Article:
Conservation and Biodiversity

Jane Goodall reminds us of love and compassion amid the coronavirus pandemic

In 1960, a 26-year-old woman without a college degree went to Tanzania to study chimpanzees in the wild.

Sixty years later, acclaimed primatologist Jane Goodall is still hard at work.

Over the last century, chimpanzees in the wild have dwindled in number from 1 million to as few as 340,000. Goodall has spent her career fighting for protection from this extinction, as well as their exploitation.

But through her research, Goodall showed us so much more than the need to preserve a species — she showed us the similarities between chimpanzees and humans.  

“I came to understand how like us they are,” said Goodall in an interview with the New York Times last year. “I’d seen them using tools and making tools, and it was clear they had emotions like happiness, sadness, fear. That they had a dark and brutal side, but also love, compassion, altruism.”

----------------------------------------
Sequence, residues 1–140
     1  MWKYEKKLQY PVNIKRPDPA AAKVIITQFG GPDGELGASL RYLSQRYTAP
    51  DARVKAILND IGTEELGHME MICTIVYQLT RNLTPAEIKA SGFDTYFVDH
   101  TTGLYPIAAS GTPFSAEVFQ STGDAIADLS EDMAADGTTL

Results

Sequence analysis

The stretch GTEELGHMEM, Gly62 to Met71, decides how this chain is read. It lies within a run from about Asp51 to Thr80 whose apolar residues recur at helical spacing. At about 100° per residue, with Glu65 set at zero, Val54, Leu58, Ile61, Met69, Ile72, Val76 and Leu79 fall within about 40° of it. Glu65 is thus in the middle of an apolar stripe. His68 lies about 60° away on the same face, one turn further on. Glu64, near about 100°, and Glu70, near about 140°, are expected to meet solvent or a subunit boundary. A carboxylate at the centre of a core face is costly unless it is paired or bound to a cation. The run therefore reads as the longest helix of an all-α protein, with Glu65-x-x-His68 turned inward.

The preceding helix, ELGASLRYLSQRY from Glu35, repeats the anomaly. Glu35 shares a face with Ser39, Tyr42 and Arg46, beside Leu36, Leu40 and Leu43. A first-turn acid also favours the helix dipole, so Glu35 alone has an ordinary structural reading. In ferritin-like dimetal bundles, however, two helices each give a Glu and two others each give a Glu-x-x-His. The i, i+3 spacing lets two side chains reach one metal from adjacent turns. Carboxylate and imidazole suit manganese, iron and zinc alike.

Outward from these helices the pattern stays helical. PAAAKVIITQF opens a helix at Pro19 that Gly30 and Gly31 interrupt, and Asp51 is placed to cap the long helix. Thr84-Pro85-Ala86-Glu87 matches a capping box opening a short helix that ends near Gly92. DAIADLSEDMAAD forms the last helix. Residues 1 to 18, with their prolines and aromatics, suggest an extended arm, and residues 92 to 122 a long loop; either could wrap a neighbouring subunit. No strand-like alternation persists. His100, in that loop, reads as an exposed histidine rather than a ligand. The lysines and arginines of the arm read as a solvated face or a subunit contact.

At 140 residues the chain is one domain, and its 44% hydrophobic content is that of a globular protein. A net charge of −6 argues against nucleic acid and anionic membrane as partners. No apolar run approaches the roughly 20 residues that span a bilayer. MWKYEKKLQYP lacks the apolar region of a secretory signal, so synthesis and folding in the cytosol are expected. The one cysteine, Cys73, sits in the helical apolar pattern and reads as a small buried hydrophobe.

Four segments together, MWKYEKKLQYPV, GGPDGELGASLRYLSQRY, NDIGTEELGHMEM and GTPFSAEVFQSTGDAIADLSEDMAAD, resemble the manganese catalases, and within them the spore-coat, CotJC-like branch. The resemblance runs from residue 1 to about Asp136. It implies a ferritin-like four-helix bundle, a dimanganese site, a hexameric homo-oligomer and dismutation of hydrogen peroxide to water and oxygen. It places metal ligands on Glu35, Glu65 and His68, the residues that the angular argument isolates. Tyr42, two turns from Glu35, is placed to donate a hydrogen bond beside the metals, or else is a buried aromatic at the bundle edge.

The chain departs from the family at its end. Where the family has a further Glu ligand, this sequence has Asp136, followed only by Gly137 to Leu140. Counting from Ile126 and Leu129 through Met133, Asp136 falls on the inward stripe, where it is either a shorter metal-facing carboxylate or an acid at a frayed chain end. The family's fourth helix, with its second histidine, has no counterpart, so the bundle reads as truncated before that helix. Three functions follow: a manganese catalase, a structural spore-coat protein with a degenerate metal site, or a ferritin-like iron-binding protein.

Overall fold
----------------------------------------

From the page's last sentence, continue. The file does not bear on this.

Over her career, Goodall has received countless honors, being made a Dame of the British Empire, appointed a United Nations Messenger of Peace and named one of Time Magazine’s 100 most influential people in 2019.

Recently, Goodall weighed in on the coronavirus pandemic. The virus, which originated in animals, more easily spreads when humans destroy wildlife habitats and sell, buy and consume wildlife in illegal markets. 

“Many species of animals and plants have become extinct,” she said in a video message. “And our too-close relationship with wild animals in the markets or when we use them for entertainment, has unleashed the terror and misery of new viruses.”

But amid these challenges, Goodall reminded us of our humanity. 

“We’re capable of love and compassion for each other,” she said. “Let us also show love and compassion for the animals who are with us on this planet. Let us all live in peace and harmony together.”

To learn more, check out Earth Day Network’s conservation and biodiversity program to learn how you can help preserve our planet.

Photo at top: UN Messenger of Peace Jane Goodal addresses a Student Observance of the International Day of Peace. Photo credit: UN Photo/Evan Schneider